You next contend that the documents in Exhibit E, which you characterize as medical examiner investigator records, are made confidential under section 671.011(b) of the Health and Safety Code. You note that although "autopsy reports" are specifically made public under section 11 of article 49.25 of the Code of Criminal Procedure, section 671.011(b) of the Health and Safety Code specifically excludes from the definition of "autopsy report" any "investigative reports and other documents that the physician performing the autopsy may review to assist in determining the cause of death." Section 671.011(b) does not make such investigative reports confidential, however; it merely excludes such reports from the mandatory release provisions found in section 11 of article 49.25.(1) Consequently, those investigatory records are subject to public disclosure under the Public Information Act and may be withheld only under an applicable exception to disclosure. Because you have raised no other exception to disclosure with regard to these records, we conclude that the department must release the investigation records in their entirety.

You describe the contents of Exhibit F as "911 Call Summary Sheets," which you contend are made confidential under section 771.061 of the Health and Safety Code because these documents "are call summary sheets of the 911 service provider." We believe, however, that other provisions of the Health and Safety Code may be the more pertinent statutory provisions here. Section 771.061(a) of the Health and Safety Code makes confidential certain information that telephone companies and the United States Postal Service furnish a governmental entity that provides computerized 9-1-1 emergency services. See generally Open Records Decision No. 661 (1999). On the other hand, sections 772.118, 772.218, and 772.318 of the Health and Safety Code make confidential the originating telephone numbers and addresses of 9-1-1 callers furnished by a 9-1-1 service supplier. See Open Records Decision No. 649 (1996). Assuming that one of these provisions is applicable to Tarrant County, we conclude that the department must withhold all such telephone numbers and addresses contained in Exhibit F. The remaining information in these documents must be released.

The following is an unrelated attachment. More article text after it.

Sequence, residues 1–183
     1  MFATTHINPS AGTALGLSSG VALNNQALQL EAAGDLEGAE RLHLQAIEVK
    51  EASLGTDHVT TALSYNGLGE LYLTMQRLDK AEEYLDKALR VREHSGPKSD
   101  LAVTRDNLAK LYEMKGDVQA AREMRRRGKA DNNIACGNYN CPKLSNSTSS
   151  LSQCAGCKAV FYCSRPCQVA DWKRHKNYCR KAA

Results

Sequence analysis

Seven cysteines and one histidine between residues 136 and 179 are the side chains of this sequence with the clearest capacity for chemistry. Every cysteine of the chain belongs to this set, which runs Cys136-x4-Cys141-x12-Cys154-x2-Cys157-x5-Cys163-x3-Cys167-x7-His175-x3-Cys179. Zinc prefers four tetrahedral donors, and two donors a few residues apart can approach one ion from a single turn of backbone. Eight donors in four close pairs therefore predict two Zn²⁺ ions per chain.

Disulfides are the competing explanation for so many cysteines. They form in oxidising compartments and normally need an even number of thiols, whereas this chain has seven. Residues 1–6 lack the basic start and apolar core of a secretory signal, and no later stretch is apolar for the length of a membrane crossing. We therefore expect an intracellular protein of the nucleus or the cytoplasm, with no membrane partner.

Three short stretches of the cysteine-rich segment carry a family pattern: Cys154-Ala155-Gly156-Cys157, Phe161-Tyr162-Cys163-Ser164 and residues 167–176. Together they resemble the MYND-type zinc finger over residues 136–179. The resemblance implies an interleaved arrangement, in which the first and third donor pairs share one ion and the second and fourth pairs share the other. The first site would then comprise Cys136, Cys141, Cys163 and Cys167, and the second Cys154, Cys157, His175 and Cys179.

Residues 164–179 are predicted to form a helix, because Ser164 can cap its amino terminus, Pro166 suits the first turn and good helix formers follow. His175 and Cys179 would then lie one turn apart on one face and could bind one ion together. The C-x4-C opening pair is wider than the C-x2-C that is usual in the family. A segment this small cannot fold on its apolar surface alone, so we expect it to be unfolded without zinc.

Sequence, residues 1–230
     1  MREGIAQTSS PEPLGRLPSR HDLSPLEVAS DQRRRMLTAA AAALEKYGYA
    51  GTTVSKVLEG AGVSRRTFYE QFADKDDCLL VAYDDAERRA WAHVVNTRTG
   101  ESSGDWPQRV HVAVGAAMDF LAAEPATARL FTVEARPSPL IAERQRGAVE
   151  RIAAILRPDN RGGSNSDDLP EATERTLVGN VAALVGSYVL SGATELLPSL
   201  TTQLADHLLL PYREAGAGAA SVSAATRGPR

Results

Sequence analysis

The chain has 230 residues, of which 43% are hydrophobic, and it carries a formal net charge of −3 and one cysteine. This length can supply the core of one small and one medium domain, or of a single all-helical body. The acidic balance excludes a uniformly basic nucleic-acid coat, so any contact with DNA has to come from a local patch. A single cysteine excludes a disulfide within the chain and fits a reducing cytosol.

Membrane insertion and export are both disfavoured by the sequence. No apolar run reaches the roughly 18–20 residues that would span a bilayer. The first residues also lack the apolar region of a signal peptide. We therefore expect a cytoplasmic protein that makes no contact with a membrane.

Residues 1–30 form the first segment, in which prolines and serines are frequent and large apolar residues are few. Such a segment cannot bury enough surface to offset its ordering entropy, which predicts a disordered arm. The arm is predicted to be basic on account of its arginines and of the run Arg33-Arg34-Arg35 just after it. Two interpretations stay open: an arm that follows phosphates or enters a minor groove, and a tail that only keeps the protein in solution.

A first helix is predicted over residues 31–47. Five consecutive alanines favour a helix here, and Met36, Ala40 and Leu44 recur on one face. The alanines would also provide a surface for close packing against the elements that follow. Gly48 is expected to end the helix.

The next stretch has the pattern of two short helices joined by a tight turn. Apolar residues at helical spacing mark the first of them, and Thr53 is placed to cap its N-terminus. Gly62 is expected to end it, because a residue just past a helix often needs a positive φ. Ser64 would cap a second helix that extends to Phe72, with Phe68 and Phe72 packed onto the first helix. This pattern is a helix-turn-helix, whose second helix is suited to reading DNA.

Exhibit G consists of criminal history record information ("CHRI") that the department obtained from the Texas Department of Public Safety. A criminal justice agency may not release CHRI except to another criminal justice agency for a criminal justice purpose. Gov't Code 411.089(b)(1). Thus, any CHRI the department obtained from the Texas Department of Public Safety or any other criminal justice agency must be withheld as provided by Government Code chapter 411, subchapter F. In this instance, the department must withhold the contents of Exhibit G.

You contend that the records contained in Exhibit H are excepted from public disclosure pursuant to section 552.108 of the Government Code because the records consist of a prosecutor's internal law enforcement records, the release of which would interfere with the detection, investigation, or prosecution of crime. After reviewing the contents of Exhibit H, it is not clear to this office, nor have you otherwise explained, how the release of these records would interfere with law enforcement or prosecution. See Gov't Code 552.301(e)(1)(A). Consequently, the department must release Exhibit H in its entirety, except for information made confidential under section 552.130(a)(1) as discussed above.

Finally, we note that some of the records at issue contain social security numbers. A social security number is excepted from required public disclosure under section 552.101 of the Government Code in conjunction with 1990 amendments to the federal Social Security Act, 42 U.S.C. 405(c)(2)(C)(vii)(I), if it was obtained or is maintained by a governmental body pursuant to any provision of law enacted on or after October 1, 1990. See Open Records Decision No. 622 (1994).